With over 20 years of experience guiding individuals and small businesses through the confusing world of credit, Gerri Detweiler joins us to debunk some credit myths and teach us some best practices for credit cards.
A credit score (also known as FICO score) are numbers that represent the creditworthiness of a person, the likelihood that person will pay their debts. Lenders, such as banks and credit card companies, use credit scores to evaluate the risk of lending money to consumers.
Your credit score is made up of several factors that have a different weight on your score.
PAYMENT HISTORY is a large contributing factor to your credit score. Banks and credit card companies want to know that you can pay back your loans on time.
AMOUNT OWED (also known as credit utilization) refers to how much credit you are using at any given time compare you how much is available to you. If you have a credit limit of $10,000 and you’re spending close to that limit each period, you are going to look more risky, even if you are making payments on time.
CREDIT HISTORY meaning the length of time that you’ve had access to credit (number of years you’ve had a credit card or loan). This is one that you might have less control over but the key part is to keep your accounts open so you have years of proof that you are a responsible borrower.
CREDIT MIX (# of loans vs credit cards) and applying for NEW CREDIT are also contributing factors. A variety of credit is good but always applying for new credit accounts can look risky.
As you can see, there are a lot of contributing factors to consider. The general rules are (1) make your payments on time and (2) keep balances low.
BONUS: WTF is a Credit Limit?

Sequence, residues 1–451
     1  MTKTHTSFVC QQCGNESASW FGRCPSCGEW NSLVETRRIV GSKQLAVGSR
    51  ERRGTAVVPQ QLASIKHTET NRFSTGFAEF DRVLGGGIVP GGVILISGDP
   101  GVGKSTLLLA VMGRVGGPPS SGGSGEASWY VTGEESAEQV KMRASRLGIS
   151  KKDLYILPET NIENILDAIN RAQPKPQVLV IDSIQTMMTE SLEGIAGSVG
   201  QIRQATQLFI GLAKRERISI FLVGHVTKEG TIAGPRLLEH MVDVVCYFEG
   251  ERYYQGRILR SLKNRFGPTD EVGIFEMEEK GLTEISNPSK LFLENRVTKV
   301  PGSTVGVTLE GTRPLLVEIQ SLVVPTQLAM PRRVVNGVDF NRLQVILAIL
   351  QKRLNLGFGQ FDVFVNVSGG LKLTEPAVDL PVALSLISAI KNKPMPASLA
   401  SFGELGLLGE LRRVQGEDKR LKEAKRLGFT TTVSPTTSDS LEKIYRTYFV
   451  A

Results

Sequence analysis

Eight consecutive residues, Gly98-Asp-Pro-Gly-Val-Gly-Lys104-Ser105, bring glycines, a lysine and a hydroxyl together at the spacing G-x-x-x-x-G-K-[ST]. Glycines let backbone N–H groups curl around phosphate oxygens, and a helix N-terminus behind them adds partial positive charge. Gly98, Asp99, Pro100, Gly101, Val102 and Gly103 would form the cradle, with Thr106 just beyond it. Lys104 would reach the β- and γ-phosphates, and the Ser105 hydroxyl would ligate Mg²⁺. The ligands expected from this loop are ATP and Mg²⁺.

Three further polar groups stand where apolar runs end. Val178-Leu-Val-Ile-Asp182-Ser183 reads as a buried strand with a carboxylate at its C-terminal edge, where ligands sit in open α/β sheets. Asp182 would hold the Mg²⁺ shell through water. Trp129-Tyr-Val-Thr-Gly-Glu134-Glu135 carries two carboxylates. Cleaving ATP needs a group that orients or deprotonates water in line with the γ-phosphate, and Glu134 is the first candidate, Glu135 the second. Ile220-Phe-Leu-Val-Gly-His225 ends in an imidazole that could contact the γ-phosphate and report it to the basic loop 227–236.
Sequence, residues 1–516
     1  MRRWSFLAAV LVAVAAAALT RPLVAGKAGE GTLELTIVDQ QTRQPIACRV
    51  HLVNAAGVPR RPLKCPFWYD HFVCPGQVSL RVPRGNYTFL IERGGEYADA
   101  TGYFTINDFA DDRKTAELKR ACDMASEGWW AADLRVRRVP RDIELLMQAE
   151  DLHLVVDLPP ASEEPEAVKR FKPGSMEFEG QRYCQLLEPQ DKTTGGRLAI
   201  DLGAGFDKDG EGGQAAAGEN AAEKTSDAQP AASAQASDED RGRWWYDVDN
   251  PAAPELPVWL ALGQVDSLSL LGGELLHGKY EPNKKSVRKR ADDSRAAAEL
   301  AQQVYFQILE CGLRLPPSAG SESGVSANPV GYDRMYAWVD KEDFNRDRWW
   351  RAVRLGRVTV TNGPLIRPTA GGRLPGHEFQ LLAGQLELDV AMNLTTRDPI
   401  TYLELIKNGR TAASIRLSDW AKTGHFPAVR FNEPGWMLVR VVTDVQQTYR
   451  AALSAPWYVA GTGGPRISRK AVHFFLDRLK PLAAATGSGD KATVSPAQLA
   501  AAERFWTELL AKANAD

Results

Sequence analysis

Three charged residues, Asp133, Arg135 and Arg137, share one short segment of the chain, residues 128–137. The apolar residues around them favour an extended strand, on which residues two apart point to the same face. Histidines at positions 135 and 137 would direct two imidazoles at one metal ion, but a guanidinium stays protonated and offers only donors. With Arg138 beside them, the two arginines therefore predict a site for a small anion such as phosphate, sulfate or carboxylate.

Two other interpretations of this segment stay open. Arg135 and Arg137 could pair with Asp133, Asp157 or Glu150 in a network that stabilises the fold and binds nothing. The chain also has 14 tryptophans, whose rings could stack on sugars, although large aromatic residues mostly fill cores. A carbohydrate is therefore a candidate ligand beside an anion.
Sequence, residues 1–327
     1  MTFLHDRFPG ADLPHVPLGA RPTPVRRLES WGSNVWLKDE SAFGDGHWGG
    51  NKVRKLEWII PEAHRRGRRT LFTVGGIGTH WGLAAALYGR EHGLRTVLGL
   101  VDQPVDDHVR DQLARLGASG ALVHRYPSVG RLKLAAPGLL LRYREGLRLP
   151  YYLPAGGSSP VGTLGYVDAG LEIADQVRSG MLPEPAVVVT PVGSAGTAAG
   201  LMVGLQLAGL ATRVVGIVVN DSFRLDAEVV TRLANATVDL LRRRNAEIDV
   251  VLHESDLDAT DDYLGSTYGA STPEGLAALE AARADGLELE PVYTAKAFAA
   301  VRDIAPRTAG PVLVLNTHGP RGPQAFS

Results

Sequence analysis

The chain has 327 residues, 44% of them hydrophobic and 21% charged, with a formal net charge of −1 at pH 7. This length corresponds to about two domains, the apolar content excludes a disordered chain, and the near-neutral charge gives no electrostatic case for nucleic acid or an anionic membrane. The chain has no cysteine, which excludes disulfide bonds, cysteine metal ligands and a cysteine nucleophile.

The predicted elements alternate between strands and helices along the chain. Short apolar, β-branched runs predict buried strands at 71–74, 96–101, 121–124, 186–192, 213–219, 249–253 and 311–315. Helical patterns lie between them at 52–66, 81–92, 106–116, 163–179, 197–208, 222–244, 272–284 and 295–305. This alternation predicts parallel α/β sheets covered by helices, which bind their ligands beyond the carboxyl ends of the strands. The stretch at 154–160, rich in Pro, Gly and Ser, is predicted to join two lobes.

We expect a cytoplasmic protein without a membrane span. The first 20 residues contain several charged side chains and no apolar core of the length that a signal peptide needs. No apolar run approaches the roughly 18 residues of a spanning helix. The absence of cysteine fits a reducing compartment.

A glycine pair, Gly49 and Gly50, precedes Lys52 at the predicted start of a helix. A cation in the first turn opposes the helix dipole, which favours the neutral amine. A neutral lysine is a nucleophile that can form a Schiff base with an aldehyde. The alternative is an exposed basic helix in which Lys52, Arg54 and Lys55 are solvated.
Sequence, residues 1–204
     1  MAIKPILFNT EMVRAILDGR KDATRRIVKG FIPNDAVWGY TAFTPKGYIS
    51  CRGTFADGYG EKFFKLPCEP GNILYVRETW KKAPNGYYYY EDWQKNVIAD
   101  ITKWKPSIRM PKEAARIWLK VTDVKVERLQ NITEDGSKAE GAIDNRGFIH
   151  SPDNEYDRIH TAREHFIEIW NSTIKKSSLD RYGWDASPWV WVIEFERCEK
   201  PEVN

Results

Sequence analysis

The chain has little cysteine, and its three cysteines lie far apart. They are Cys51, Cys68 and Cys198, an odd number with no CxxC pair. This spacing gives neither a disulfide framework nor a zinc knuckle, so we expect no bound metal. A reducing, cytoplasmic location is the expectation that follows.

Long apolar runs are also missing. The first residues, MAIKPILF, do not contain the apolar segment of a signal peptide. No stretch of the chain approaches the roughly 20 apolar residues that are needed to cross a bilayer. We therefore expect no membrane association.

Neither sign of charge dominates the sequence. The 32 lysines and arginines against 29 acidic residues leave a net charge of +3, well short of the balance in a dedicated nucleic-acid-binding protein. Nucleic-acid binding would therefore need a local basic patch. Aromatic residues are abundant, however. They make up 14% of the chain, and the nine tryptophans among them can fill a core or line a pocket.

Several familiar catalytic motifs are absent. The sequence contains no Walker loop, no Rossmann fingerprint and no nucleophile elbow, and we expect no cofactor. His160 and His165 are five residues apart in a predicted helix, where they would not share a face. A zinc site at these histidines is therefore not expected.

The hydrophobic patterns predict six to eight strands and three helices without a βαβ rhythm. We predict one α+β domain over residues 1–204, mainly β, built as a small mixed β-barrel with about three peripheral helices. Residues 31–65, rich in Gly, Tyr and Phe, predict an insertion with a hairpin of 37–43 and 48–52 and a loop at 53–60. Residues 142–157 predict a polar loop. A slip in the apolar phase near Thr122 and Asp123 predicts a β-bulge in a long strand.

Increasing your credit limit is an easy way to improve your credit score and all you have to do is request an increase! CNBC reported that Americans have an average of $22,751 in credit available to them across all their credit cards.
A credit limit is the amount of available credit you have or the amount of money you would have access to on your credit card. By itself, it doesn’t have much impact. But credit utilization, the ratio of amount owed against the amount available, can make a big difference.
Some credit issuers automatically increase your credit limit if you have made 6-12 months of on-time payments. If you do not receive an automatic increase, usually all you have to do is ask! You can usually request an increase in the banking apps or call the customer service line for the credit card. The bank will check if you have a healthy credit history and then let you know what you are eligible for. It’s as easy as that!
If you are not regularly making on-time payments or you know you are a big spender, increasing your credit limit might not be the best idea. Consider your whole financial picture before making big moves across all your credit cards.
When used in a healthy manner credit can be useful and rewarding. To learn more about credit scores, check out our episode with Gerri Detweiler available on Apple Podcasts, Spotify and iHeart Radio.